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Original Issue


Carlos Monzon finally met—and mastered—Rodrigo Valdes and now reigns as undisputed middleweight champion

Rodolfo Sabatini, a former boxing writer for a Communist daily in Rome, paused one day last week to speculate about his latest adventure in free enterprise. "This one," he said of the fifth world championship fight that he was staging in Monte Carlo, that glittering citadel of Capitalism-by-the-Sea, "will be very special. Very close. Very artistic in a violent sort of way."

Though boxing promoters are not above trading prophecy for profit, there was no reason to doubt Signor Sabatini. Not even when he boasted that the match between Argentina's Carlos Monzon and Colombia's Rodrigo Valdes would be the richest and most historic middleweight bout ever held on the Continent.

By any measure the encounter between Monzon and Valdes was the rarest of events, a fistic spectacular that lived up to its billing. The combat sensationnel was perhaps best dramatized by Le Figaro, a Paris newspaper that foresaw the fight as a showdown between two legendary gun-slingers. So it seemed, if only because Monzon in action bears a startling resemblance—high cheekbones, long spiky hair and a chilling, stoical gaze—to Charles Bronson, the perennial Hollywood hit man. And while Valdes practiced his scatter-gun attack, Monzon, whom Sabatini calls a "potential killer," was as selective as a sniper waiting to squeeze off his deadliest shot. When it came, rattling out of nowhere in the 14th round, it felled Valdes for a few reeling moments and ruined his bid to salvage the fight. The unanimous decision in Monzon's favor was that close.

Few of the ringsiders who paid 1,000 francs ($212) for a seat, a record high for a non-heavyweight bout, felt that a pair of heavy hitters like Monzon and Valdes would go the distance. In fact, both combatants predicted a knockout within 10 rounds. Monzon said, "I'm going to send Valdes back to Colombia looking like he was run over by a locomotive." Valdes, alluding to Carlos' budding career as a leading man in Argentine movies, promised, "I'm going to bash in his pretty actor's face." On second thought, Monzon replied, "I think I'm going to let Valdes last 15 rounds. That way I can watch him bleed slowly until the end."

So went the hype. As for comic relief, that was provided by a pair of rival governing bodies that periodically do their imitation of JoJo the Two-Headed Pig. In 1974 the World Boxing Council stripped Monzon of its version of the middleweight title for allegedly ignoring its dictates and subsequently crowned Valdes. That left Monzon the King of the World Boxing Association, Valdes the Monarch of the WBC—and Sabatini the guest Wizard of Monaco, a nation half the size of New York's Central Park.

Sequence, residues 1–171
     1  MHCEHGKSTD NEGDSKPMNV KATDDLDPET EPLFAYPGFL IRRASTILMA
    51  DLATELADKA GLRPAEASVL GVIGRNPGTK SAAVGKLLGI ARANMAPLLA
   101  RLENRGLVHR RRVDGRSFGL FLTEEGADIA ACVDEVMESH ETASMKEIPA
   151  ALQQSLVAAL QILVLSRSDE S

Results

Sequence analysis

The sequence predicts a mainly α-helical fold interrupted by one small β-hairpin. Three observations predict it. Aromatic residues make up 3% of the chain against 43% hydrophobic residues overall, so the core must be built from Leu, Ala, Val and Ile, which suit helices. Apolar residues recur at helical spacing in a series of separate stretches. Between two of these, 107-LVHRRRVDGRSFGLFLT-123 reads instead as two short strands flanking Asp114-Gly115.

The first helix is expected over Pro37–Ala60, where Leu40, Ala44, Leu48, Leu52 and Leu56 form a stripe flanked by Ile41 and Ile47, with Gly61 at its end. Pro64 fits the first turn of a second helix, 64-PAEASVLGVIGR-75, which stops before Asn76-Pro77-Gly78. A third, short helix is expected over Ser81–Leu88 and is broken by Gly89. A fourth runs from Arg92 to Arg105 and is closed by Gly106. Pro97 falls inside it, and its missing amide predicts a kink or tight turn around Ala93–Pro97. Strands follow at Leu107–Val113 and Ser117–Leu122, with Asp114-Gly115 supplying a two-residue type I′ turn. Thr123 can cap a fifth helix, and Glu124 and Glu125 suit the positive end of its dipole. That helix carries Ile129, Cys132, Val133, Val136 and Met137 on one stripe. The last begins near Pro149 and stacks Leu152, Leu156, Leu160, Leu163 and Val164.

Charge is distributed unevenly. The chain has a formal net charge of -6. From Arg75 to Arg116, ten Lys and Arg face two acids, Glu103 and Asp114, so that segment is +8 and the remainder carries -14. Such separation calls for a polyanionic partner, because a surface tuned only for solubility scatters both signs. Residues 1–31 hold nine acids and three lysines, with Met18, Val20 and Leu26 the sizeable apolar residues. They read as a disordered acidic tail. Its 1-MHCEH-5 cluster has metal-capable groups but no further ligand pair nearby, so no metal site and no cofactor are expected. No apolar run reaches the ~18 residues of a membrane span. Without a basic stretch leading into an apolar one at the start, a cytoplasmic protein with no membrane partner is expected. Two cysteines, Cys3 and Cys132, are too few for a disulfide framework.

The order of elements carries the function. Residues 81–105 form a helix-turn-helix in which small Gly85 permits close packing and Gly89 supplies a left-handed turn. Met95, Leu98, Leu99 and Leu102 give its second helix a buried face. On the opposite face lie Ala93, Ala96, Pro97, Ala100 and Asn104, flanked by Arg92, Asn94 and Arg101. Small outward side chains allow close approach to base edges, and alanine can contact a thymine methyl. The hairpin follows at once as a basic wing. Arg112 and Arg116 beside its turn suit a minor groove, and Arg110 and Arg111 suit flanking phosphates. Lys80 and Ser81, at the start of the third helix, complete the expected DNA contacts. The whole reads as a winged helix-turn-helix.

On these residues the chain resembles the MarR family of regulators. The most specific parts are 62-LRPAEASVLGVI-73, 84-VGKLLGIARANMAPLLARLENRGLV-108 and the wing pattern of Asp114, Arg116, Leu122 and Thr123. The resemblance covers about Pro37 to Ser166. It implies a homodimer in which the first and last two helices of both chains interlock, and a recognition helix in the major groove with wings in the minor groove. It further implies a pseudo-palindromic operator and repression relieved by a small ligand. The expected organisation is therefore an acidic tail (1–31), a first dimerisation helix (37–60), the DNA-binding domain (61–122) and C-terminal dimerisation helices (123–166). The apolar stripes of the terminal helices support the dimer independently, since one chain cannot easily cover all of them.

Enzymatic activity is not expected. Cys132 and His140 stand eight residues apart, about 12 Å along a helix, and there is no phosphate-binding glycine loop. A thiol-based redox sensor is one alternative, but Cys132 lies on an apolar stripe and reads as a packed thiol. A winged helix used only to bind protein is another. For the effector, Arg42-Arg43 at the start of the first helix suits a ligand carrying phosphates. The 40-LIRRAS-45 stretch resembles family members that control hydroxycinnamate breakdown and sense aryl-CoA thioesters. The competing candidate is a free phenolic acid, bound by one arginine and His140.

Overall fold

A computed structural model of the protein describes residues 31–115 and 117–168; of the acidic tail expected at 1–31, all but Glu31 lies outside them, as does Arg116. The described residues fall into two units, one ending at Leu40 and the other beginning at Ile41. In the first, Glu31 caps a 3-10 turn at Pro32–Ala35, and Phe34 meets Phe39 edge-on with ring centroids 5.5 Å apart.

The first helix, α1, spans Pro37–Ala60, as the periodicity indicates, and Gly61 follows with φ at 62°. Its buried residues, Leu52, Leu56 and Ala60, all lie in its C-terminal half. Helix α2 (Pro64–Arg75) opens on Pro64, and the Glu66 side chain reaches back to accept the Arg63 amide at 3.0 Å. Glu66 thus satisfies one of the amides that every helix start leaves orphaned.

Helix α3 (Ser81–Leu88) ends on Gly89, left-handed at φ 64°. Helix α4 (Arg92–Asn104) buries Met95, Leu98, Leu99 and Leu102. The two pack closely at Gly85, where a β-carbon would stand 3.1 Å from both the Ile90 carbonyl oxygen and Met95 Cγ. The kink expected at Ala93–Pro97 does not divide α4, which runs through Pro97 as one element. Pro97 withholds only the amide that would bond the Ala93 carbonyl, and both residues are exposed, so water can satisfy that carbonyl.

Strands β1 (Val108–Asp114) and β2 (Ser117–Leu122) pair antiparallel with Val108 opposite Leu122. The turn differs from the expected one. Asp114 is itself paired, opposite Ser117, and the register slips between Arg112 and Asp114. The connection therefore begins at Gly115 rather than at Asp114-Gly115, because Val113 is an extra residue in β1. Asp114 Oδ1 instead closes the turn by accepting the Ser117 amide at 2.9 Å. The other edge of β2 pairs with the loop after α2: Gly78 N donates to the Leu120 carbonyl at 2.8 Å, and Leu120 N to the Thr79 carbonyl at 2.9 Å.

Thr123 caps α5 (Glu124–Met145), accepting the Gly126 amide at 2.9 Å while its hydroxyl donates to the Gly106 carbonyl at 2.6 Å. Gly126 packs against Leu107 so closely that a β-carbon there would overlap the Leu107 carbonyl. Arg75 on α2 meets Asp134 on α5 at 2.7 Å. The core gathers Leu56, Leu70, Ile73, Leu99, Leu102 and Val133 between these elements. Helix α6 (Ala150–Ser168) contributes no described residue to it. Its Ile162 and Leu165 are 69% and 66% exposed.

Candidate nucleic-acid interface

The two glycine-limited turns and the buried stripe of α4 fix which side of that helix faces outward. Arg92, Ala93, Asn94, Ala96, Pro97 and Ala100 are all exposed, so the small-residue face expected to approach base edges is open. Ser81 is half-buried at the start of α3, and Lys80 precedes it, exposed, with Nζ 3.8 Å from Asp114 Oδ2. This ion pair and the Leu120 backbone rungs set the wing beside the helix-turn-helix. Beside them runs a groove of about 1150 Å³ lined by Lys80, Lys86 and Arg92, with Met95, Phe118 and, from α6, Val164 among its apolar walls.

Not that anyone really cared about the titles. What mattered was that Monzon, 33, had not lost a fight in nearly a dozen years, an amazing 80 straight victories in all. For Valdes, 29, the record was 26 consecutive wins over the last six years. Clearly, this was a match that was almost preordained—and the alphabet bureaucracy be damned.

But red tape is easier spun than undone, a messy chore that consumed Sabatini for more than a year. "Usually," he said on the eve of the fight, "we hold our title matches in Monte Carlo the week of the Grand Prix, but now we don't need their help at the gate. Car people, Les Hippies. They are, you know, strange."

If so, then Sabatini's operation might best be described as quaint. Holding forth in a great rumbling wheeze, he ran the "Super Middleweight Championship of the World" from an open phone booth in the dim lobby of a tiny hotel far from the distracting sounds of sea and slot machine. Gesturing effusively with a bandaged hand that he had injured in a wee-hour fall, Sabatini himself might have passed as some kind of one-armed bandit gathering in the day's take. Informed one morning that Monzon had called Valdes "a paper fighter, a poor little Negro who won't last even eight rounds," Sabatini roared, "Ha, Carlos is not exactly the Great White Champion. He's an Indian."

And then he ordered two more rows added to the sold-out ringside section.

"I could promote this match in, say, Paris," Sabatini said, "and draw 40,000 people instead of 10,000, but in Paris they have taxes and here they do not. When you are paid 1,000 francs for a ticket in Monte Carlo, you get 1,000 francs."

What Monte Carlo gets in return is an invasion by an international fight crowd that, pound for rippling pound, cigar for fuchsia hot pants and bent nose for pinkie ring, will upstage those Grand Prix dudes every time.